Daytonian of the Week: Rob Strong

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Daytonian of the Week: Rob Strong

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Rob Strong stands in the future Canal Street Arcade & Deli in November 2016, shortly after renovations to the interior began. The arcade-deli-craft beer bar could open as early as late April. MARK FISHER/STAFF

Robert Strong has operated a restaurant or two (Thai 9 and the former 5th Street Deli) in downtown Dayton for nearly 15 years, and is himself closing in fast on 50 years old. But, he says, he still laughs and jokes about with his friends “like we’re going to be 13 forever.”

Not a bad recipe for longevity.

Strong is currently knee-and-elbow-deep in a highly anticipated new project, the Canal Street Arcade & Deli, in the venerable space that previously housed Canal Street Tavern. Meanwhile, Thai 9, the restaurant he co-founded with his wife Nongyaw, recently completed its 14th year in business in Dayton’s Oregon District.

We caught up with Strong to find out a little more about our newest Daytonian of the Week. Here’s what he told us.

What’s your favorite spot in the Dayton area?

My back yard.

What’s your guilty pleasure?

Miley Cyrus.

What’s one word you think people would use to describe you?

Groovy.

Why did you decide to settle in the Dayton area?

We relocated from Cincinnati to open Thai 9 and start this adventure. I was born here and grew up in Pitsburg Ohio, (GO JETS!), in Darke County, so coming home and being close to my family and old friends was a great bonus.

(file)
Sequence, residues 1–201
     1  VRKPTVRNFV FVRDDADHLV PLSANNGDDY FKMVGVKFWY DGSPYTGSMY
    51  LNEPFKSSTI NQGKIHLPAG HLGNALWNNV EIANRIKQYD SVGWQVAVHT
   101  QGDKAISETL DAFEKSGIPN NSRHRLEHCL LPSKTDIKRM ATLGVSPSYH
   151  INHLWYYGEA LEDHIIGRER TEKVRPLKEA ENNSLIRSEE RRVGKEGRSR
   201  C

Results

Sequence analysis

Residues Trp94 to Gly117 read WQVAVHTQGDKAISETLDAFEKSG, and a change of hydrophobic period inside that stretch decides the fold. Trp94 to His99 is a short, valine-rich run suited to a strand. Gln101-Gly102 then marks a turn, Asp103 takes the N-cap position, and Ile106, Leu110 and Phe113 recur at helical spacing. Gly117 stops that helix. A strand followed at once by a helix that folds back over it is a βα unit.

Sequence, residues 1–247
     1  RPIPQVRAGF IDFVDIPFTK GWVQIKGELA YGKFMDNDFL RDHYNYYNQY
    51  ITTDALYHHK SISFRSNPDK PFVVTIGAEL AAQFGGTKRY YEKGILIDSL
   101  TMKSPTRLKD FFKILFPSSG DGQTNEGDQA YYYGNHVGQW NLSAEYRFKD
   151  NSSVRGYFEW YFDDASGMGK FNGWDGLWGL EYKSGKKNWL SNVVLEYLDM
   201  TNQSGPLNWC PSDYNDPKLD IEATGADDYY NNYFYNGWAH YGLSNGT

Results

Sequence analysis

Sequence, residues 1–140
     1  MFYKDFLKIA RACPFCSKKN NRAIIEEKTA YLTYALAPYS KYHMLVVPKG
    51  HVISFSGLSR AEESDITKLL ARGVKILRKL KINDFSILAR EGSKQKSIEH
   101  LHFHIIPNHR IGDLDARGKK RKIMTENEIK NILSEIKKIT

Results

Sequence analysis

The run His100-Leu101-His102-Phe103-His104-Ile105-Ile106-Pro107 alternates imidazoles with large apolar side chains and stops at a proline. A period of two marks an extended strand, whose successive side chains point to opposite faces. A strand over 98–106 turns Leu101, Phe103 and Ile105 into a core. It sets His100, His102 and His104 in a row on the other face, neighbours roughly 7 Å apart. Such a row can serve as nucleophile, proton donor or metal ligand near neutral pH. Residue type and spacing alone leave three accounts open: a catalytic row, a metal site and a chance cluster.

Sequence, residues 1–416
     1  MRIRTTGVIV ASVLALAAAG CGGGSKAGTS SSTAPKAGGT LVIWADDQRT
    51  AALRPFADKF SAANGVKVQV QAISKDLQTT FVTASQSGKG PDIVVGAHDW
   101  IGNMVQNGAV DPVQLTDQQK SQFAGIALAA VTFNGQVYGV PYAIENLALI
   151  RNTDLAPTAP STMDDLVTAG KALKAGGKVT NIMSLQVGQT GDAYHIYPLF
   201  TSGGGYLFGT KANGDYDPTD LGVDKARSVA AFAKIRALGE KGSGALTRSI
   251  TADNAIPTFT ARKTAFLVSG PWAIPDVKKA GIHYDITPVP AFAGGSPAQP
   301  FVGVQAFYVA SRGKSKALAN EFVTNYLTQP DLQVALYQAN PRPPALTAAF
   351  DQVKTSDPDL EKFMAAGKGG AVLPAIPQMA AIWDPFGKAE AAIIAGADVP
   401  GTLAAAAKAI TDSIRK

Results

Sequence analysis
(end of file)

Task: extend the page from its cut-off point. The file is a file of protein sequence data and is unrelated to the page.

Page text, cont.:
How did you get involved with owning and running a restaurant that later turned into two restaurants that will soon turn into two restaurants, one with an arcade?

My wife, Nongyaw, put the idea of Thai 9 into my head. She worked at a few Thai restaurants in Cincinnati and is good at it, so it made sense. I personally never worked in a restaurant until I owned one. I was an audio engineer for many years, so I sort of worked in the industry, but I did not have any first-hand restaurant experience. Canal Street Arcade and Deli is more my thing, and I can’t wait to work with bands again.

The Thai 9 Restaurant at 11 Brown Street. Photo by jim Witmer www.activedayton.com

What was the most challenging part of that?

Keeping up with my to-do list for both places and organizing my time and responsibilities.

How did you push through the challenge?

I have wonderful staff at both locations. Without them I would be lost.

5th Street Deli sets closing date ahead of move to former Canal Street Tavern

What inspires you about Dayton?

The many entrepreneurs I personally know in Dayton and its history of innovators with the visions and the willingness to see those visions through.

If you could change or bring one thing to Dayton, what would it be?

Roller coasters, of course.

What do you think Dayton will look like in 10-15 years?

With the speed and success that downtown is changing and flourishing, I would love for Dayton to be more of a destination location.

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